As a woman, mother and sister, it hardly needs to be said that I’m completely supportive of women getting all medical treatment we need for any physical illness which threatens our lives, and I support any measure which helps clarify this, once it maintains the current Irish medical practice of recognising that there are two patients to consider. However, I feel that the heads of Bill may allow direct abortion even in these situations:
- Direct taking of life possible under Heads of Bill, even apart from suicidal intent: In case of risk to life from physical illness (not being a medical emergency) my key concern is that the term “in the course of which or as a result of which unborn human life is ended” is the same as that used in the case of suicidal intent. In the case of the latter, it can clearly mean directly taking the life of the child, so there’s no reason it could not also be understood to mean direct taking of life when the risk is not related to suicide. This would allow a further departure from the current two patient model and it is very different from a necessary medical procedure in which a child may die as an unwanted consequence and where every effort is made to save his life where possible. e.g. in the UK at present, where a pregnant woman has cancer and needs treatment, an abortion is often carried out first. In Ireland, the woman is treated but every effort is made to save the child if possible.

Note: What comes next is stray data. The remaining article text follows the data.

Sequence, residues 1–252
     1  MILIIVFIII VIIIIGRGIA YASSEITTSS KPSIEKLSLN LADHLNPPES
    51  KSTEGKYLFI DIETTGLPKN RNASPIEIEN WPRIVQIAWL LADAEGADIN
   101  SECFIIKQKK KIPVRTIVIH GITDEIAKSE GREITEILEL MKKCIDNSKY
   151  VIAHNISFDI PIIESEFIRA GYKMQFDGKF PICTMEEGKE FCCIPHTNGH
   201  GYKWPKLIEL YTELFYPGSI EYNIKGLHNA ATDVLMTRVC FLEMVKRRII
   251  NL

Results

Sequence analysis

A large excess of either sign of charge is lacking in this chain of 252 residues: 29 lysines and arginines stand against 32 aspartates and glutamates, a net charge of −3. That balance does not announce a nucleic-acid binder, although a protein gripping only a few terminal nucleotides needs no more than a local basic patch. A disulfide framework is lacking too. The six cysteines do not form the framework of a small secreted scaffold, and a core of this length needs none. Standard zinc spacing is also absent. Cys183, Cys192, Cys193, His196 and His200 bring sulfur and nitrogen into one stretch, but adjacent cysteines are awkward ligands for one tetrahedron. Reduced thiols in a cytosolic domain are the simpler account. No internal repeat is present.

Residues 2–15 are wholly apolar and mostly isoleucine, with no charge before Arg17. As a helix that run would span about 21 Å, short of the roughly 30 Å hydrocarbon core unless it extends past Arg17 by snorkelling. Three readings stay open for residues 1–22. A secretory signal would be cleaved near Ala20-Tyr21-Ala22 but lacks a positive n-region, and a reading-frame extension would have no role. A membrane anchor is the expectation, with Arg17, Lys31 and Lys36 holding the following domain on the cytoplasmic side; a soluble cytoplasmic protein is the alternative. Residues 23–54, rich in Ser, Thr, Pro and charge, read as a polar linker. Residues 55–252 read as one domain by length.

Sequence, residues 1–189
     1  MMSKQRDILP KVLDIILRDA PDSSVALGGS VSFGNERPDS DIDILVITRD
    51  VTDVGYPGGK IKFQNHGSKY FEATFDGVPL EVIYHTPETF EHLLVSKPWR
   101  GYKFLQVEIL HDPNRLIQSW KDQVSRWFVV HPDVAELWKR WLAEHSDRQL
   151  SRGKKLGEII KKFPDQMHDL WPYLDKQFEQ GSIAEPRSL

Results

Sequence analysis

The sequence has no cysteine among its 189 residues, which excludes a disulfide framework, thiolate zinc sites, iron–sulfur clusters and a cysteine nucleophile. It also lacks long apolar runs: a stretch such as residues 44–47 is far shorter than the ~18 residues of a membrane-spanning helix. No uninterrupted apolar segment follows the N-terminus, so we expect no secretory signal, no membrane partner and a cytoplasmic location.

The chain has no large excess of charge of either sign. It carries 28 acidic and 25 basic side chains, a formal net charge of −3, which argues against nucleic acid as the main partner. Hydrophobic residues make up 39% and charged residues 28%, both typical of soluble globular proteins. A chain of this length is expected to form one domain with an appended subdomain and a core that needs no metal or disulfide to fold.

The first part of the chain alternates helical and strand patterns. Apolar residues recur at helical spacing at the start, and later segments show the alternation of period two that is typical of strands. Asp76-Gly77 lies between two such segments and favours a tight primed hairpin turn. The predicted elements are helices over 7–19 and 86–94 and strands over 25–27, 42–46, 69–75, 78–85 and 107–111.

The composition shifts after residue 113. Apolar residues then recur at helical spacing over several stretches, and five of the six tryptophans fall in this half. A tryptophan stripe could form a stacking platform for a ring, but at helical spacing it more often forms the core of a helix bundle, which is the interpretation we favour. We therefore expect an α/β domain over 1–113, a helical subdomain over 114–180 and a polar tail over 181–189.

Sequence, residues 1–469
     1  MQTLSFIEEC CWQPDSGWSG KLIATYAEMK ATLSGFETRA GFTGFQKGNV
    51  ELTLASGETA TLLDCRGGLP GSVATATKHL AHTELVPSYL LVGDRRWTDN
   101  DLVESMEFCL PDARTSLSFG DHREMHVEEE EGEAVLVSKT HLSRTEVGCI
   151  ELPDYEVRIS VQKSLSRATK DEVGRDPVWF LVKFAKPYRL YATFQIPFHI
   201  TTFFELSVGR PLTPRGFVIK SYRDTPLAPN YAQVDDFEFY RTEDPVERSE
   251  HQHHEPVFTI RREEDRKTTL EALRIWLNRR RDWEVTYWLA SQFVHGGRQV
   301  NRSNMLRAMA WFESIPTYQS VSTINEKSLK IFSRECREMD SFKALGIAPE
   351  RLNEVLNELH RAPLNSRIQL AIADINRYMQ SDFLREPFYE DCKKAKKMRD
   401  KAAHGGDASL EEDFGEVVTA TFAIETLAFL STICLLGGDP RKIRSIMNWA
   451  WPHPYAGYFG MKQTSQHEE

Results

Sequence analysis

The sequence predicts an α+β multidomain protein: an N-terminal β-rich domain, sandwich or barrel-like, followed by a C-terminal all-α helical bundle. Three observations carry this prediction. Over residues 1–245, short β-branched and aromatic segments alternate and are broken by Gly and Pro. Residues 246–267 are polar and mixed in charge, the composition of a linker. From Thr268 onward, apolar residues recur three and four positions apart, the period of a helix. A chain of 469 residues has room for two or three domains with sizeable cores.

- No gestational limit: Directly taking the life of an innocent person is wrong at any stage of a child’s development, but this Bill offers no time limit on when an abortion can be carried out, right up to birth. Putting a time limit in the Bill does not stop it from being a law that directly takes innocent human life, but even in very liberal abortion regimes, there are some limits on stage of gestation – perhaps because as it gets closer to birth the reality that only a change of location will occur becomes increasingly hard to avoid.
- Ideology in Language: “Child” isn’t mentioned at all in Heads of Bill and only once in explanatory note: “unborn human life” or “the unborn” is used. “Mother” isn’t used at all in Heads of Bill and only a handful of times in explanatory notes: “woman” is the preferred term. In both the Supreme Court ruling in the X case ruling and the ECHR ruling on the A, B and C cases, “mother” and “unborn child” are used.
- Conscientious Objections for Institutions and Organisations: While individuals can have conscientious objections, organisations or institutions can’t: “the right to conscientious objection is a human right and, as such, applies only to individuals and not institutions.” Catholic and other organisations with a clear ethos of respect for all human life would no longer be able to run maternity hospitals in Ireland.
This law does not “protect life during pregnancy” – it introduces abortion:
My key concern however remains that this law for the first time in Ireland, allows the direct taking of innocent life. As long as that remains the case, the law is fatally flawed. If introduced it will lead to many unnecessary deaths and won’t save women’s lives. Like all law, it will also, I believe, have a profound affect on how our society views and values human beings.
I believe human rights are just that: rights we have by virtue of simply being human. Introducing a law that legalises the removal of human rights from one group of human beings is simply wrong.
We can still stop this, and instead look for better ways to deal with tragedy and crisis caused by rape, illness and social conditions.
One of the amazing things about the human race is our resilience and adaptability: (okay – that’s two things, but you know what I mean).